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Career Overview: Police Officer

Career Overview: Police Officer

What They Do

The chief aim of a police officer, or law enforcement officer, should be to serve and protect people and property. Generally, police officers are assigned particular areas to patrol, which may include a large jurisdiction, specific geographic zones or a smaller neighborhood. Ideally, police officers familiarize themselves with a normal route or designated zone so that they can respond to suspicious activity or a crime quickly, develop personal relationships with local citizens and promote a sense of protection and safety in the area. Police officers respond to calls, enforce laws when necessary, issue citations, make arrests and may be called on to appear in court for the purposes of furthering a case in the criminal justice system. Some police officers work mainly in the police station or out of their squad car as well as patrol on foot. A police officer’s main duties are to patrol, write out reports and fill out forms for administrative and legal purposes.

Career Growth

Generally, police officers begin their career as a patrol officer. After acquiring two to five years of experience and specialized training, a patrol officer can rise to the position of detective. The demand for qualified police officers is always high, regardless of the crime rate. Police officers with bachelor’s degrees have the competitive edge in the job market. The Bureau of Labor Statistics projects that the number of jobs for police officers and detectives will increase 5 percent by 2022.

Salary Potential

The average salary for a police officer is around $54,000 a year. Many law enforcement officers belong to a union, which can help with salary and benefit negotiations. Many departments allocate stipends for uniforms and offer extensive benefits. Working overtime is considered common for many police officers, as is overtime compensation. Detectives and criminal investigators make about $74,000 a year, while fish and game wardens make about $48,000 a year. The retirement age for police and law enforcement officers is lower than in most fields because of extensive work hours and schedules, as well as the danger that comes with policing criminal and illegal activity.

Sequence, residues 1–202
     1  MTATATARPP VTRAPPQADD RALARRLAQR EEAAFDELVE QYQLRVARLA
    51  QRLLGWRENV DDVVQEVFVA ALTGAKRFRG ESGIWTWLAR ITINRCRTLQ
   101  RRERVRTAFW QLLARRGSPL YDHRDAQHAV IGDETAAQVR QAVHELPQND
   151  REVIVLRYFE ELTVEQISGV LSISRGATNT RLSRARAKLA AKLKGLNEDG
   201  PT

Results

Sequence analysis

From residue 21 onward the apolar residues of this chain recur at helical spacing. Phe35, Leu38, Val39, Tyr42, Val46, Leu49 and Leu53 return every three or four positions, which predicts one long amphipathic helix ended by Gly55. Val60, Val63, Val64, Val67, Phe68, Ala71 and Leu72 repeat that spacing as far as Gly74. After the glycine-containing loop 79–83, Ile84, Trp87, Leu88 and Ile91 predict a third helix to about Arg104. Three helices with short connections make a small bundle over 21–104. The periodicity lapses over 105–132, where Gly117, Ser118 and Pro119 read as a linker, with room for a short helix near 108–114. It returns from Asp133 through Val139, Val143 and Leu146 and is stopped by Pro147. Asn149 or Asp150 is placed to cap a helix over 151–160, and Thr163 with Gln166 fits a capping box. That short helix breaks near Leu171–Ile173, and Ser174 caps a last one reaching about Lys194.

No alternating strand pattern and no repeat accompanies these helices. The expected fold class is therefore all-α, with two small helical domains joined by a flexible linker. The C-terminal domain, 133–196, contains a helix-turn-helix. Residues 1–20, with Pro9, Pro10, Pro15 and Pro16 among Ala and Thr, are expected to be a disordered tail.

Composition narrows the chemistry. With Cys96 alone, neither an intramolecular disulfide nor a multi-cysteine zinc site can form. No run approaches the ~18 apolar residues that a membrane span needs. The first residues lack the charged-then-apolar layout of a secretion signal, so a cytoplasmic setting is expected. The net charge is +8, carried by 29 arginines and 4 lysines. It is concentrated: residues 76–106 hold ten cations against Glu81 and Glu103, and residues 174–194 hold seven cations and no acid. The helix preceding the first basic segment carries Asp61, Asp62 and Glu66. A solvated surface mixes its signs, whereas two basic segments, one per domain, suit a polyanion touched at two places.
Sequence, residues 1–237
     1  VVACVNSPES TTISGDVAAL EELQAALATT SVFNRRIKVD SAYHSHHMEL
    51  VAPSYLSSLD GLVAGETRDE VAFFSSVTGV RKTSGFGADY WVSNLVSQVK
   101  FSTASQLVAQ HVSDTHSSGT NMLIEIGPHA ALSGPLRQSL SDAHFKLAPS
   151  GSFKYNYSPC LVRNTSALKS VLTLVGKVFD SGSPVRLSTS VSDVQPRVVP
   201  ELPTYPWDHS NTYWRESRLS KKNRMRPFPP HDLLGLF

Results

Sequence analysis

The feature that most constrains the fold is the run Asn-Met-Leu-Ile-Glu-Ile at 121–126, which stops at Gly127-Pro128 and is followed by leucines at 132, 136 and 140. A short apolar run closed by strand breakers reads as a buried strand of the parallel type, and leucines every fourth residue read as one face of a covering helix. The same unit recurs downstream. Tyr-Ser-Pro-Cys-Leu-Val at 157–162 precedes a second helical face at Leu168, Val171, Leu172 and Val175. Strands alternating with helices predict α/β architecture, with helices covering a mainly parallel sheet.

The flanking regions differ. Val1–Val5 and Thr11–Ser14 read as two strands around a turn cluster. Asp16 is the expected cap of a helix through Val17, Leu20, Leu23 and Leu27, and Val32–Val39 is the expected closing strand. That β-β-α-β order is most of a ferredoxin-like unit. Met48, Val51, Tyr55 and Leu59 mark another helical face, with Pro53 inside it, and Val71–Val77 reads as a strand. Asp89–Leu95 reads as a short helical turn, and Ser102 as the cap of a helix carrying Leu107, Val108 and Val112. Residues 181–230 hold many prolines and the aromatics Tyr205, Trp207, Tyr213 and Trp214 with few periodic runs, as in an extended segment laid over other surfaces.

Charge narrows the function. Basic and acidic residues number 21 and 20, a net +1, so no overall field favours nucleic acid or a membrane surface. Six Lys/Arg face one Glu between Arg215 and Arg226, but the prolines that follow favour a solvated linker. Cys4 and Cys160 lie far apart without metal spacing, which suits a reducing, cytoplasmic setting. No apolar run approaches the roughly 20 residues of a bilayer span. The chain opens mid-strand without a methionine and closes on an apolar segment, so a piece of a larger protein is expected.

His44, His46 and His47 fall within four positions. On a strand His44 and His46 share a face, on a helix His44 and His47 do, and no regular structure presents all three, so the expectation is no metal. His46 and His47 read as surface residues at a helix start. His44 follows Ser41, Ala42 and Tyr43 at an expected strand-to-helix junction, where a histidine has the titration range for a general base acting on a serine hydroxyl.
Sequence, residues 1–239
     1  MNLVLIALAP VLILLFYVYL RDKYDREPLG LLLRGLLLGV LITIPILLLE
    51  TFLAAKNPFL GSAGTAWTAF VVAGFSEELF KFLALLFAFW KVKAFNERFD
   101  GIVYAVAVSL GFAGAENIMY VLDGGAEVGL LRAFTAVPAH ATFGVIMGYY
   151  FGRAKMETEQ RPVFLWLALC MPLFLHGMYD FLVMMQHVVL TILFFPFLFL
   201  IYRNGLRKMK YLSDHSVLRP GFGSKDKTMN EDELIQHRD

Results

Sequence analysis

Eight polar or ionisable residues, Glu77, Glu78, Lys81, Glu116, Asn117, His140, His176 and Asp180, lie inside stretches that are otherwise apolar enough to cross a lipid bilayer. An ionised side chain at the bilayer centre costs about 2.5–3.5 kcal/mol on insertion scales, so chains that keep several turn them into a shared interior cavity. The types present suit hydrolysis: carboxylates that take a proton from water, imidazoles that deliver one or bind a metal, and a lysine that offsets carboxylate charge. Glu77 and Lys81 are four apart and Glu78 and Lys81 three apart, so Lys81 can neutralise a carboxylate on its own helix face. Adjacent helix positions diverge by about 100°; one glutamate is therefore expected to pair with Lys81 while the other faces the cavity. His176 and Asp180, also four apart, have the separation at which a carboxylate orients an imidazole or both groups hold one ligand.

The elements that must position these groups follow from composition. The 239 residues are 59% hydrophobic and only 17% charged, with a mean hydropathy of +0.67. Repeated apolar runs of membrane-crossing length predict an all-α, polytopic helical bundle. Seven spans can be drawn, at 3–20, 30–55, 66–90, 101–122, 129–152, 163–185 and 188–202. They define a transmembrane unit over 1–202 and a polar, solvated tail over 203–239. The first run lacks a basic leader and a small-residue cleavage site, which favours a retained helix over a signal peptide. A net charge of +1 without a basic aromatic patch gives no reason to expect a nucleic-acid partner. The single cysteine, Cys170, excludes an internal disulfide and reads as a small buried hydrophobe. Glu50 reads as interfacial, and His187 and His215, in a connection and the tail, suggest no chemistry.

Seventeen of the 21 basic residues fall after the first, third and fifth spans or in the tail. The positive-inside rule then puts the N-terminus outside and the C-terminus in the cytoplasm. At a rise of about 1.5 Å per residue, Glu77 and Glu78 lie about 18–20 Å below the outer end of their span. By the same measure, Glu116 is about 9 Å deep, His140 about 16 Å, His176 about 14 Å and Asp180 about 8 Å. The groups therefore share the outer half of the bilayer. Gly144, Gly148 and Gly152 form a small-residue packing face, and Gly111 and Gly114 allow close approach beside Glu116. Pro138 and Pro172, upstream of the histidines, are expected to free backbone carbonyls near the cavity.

Education

The educational requirements for a police officer may depend on the department. Some police departments in larger metropolitan areas require their new recruits to have a bachelor degree in criminal justice or a related field. A bachelor’s degree, though not always required, may help an individual wishing to pursue a career as a law enforcement officer or police officer move up the ranks faster than their colleagues who do not have a college degree. A degree in criminal justice covers subjects such as the criminal justice system, policing, corrections and punishment, and federal laws.

 

Other requirements for police officers include passing background checks, physical exams and police academy training programs. The formal training academies or classes for police officers cover subjects such as criminal law, investigation, community relations, administration and corrections. The average time the hiring process takes is around 12 to 18 months for a police officer.